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In a First, Merrill Lynch Offers a Non-Traded REIT

Non-traded real estate investment trusts (REITs) have traditionally been associated with independent broker/dealers – that is until last month when Merrill Lynch announced that its 17,000-plus registered reps would begin selling the Jones Lang LaSalle Income Property Trust to investors.

The move means Merrill Lynch becomes the first major wirehouse to sell a non-traded REIT. So far, the firm has raised about $50 million from interested clients.

Merrill Lynch’s foray into non-traded REIT territory is based on demand for an “attractive, direct core real estate investment product among mass-affluent investors,” said Keith Glenfield, head of alternative investments for Merrill Lynch, in a Jan. 2 article by Investment News.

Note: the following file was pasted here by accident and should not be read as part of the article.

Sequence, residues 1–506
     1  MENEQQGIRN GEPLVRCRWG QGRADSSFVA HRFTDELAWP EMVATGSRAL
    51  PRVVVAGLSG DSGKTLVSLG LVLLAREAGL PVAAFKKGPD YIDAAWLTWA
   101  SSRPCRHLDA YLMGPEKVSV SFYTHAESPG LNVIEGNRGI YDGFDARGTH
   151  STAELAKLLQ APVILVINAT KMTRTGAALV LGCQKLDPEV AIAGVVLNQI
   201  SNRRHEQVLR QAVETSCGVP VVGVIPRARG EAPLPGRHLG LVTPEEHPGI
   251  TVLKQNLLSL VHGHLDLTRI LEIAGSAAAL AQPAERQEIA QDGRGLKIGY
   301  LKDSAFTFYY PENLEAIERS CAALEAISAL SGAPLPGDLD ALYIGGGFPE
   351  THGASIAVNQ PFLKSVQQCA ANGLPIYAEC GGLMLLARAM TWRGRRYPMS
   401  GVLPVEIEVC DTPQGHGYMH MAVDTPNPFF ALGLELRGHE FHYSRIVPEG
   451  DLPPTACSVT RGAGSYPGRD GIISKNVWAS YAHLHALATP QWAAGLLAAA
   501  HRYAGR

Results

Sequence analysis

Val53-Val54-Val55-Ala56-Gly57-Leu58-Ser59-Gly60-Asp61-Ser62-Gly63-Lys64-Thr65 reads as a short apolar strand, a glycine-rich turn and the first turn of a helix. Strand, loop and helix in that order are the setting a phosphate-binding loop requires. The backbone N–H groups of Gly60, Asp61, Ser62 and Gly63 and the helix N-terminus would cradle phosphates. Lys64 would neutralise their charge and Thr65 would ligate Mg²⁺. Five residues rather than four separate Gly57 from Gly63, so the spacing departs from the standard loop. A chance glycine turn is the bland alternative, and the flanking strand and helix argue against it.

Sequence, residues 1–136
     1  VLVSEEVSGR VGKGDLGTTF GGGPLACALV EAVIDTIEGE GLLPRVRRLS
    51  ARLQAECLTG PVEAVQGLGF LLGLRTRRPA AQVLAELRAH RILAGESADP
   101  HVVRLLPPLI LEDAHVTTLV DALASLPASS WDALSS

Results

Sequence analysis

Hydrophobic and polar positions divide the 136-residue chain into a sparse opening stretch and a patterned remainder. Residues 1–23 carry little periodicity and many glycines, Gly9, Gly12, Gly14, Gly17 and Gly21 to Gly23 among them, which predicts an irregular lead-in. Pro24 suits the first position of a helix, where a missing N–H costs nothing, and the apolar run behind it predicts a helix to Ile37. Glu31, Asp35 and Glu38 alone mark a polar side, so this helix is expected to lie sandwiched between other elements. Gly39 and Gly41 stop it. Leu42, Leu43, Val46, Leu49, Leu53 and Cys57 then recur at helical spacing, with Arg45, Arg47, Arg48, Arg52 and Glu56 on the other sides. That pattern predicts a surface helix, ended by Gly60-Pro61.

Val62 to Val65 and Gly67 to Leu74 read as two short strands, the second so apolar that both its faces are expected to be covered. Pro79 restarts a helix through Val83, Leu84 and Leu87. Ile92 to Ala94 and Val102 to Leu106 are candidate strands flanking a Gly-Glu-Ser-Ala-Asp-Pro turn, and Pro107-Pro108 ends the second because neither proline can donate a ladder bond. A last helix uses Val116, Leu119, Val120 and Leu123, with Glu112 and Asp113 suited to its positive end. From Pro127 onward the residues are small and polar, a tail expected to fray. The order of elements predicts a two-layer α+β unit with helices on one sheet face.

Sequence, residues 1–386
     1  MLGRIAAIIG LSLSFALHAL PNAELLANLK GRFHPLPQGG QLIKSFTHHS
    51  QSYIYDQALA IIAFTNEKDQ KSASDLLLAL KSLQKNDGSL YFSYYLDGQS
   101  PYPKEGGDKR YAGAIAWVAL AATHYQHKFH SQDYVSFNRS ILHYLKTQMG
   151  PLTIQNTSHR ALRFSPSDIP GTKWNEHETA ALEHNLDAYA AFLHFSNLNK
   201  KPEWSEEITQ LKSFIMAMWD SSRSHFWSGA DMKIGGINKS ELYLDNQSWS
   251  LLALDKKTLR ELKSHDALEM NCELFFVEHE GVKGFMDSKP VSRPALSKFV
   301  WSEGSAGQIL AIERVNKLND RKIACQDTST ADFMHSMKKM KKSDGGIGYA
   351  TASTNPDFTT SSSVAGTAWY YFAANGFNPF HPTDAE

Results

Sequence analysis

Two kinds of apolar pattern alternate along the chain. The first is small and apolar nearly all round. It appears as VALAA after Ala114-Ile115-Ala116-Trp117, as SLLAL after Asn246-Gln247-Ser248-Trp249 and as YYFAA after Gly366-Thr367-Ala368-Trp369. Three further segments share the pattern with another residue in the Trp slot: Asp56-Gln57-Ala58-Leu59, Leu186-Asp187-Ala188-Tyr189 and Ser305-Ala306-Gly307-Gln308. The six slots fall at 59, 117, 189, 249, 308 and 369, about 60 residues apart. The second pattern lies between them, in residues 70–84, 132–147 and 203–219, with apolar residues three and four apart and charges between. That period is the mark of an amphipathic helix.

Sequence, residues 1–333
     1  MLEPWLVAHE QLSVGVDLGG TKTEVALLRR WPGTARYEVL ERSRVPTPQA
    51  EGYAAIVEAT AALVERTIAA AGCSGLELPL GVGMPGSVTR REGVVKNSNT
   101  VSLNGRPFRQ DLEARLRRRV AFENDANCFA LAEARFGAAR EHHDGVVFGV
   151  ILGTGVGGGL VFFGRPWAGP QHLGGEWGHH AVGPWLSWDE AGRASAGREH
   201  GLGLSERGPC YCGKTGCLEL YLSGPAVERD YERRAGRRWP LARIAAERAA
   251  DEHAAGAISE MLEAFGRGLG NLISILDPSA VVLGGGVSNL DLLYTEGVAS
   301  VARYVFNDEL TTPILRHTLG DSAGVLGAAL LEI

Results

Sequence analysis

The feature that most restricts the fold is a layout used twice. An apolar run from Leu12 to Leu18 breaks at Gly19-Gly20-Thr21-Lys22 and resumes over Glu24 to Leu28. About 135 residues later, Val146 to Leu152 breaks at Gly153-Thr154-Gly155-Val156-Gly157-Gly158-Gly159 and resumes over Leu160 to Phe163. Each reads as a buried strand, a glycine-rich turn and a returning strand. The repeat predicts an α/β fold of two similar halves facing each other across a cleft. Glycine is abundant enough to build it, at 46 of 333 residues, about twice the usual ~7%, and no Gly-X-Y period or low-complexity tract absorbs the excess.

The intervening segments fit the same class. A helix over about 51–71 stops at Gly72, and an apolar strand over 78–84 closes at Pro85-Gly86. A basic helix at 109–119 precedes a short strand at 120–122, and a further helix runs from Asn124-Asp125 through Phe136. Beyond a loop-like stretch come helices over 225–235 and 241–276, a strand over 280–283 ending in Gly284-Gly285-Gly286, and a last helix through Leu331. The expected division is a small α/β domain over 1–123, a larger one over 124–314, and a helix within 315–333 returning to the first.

“The primary investment objectives are designed to provide attractive current income, preserve and protect invested capital, achieve [net asset value] appreciation over time and enable stockholders to utilize real estate as a long-term portfolio diversifier,” Glenfield said.

Despite Merrill Lynch’s characterization of the Jones Lang Lasalle REIT as a safe source of income, investors may have plenty of reasons to be cautious. Non-traded REITs have been under the radar of state securities regulators for several years now, as have the sales practices of the broker/dealers that sell them.

Issues with non-traded REITs include their complex fee structure, high-risk factors, illiquidity and often inaccurate valuations. Moreover, early redemption of shares is typically extremely limited, and fees connected with their sale can be high and erode total return.

In 2012, the Financial Industry Regulatory Authority (FINRA) reissued an Investor Alert on nontraded REITs following an enforcement action against David Lerner & Associates. One of FINRA’s concerns with Lerner focused on the valuation irregularities that appeared on the monthly statements of investors who owned shares in Lerner’s Apple REITs. Specifically, shares of certain Apple REITs had been listed on the statements as $11 per share even after FINRA instructed broker/dealers in 2009 to adjust prices on the investments more frequently.

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